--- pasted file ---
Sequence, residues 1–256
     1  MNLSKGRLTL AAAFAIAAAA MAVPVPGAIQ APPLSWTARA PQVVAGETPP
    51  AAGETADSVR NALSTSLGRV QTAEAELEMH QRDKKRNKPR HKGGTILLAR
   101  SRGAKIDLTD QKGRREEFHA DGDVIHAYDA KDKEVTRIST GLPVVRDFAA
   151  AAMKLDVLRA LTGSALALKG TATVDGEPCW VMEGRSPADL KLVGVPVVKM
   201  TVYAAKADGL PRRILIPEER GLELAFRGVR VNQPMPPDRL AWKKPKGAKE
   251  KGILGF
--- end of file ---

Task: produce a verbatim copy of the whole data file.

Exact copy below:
Sequence, residues 1–256
     1  MNLSKGRLTL AAAFAIAAAA MAVPVPGAIQ APPLSWTARA PQVVAGETPP
    51  AAGETADSVR NALSTSLGRV QTAEAELEMH QRDKKRNKPR HKGGTILLAR
   101  SRGAKIDLTD QKGRREEFHA DGDVIHAYDA KDKEVTRIST GLPVVRDFAA
   151  AAMKLDVLRA LTGSALALKG TATVDGEPCW VMEGRSPADL KLVGVPVVKM
   201  TVYAAKADGL PRRILIPEER GLELAFRGVR VNQPMPPDRL AWKKPKGAKE
   251  KGILGF